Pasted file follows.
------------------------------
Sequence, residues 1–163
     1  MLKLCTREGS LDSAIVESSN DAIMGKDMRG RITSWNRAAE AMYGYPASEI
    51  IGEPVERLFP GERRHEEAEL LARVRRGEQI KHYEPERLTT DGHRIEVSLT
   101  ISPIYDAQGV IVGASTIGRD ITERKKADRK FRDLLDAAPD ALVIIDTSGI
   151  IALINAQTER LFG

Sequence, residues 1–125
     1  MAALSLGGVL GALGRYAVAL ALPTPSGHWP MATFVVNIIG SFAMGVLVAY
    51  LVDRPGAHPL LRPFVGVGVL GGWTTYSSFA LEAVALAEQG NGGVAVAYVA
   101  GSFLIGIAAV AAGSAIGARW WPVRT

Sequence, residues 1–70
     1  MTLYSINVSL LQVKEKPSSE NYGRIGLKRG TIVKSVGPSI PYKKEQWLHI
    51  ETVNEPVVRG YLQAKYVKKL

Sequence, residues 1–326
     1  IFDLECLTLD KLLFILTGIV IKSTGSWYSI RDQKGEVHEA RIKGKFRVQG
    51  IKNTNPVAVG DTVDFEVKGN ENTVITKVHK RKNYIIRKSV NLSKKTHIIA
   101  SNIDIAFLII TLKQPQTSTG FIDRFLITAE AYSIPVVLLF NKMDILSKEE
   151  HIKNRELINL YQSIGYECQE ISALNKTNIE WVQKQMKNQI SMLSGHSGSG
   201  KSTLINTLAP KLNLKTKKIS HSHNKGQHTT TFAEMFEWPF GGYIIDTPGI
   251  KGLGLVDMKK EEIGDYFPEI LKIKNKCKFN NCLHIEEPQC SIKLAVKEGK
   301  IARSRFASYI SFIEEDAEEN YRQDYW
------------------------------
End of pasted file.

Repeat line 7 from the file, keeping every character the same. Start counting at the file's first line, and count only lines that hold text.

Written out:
     1  MAALSLGGVL GALGRYAVAL ALPTPSGHWP MATFVVNIIG SFAMGVLVAY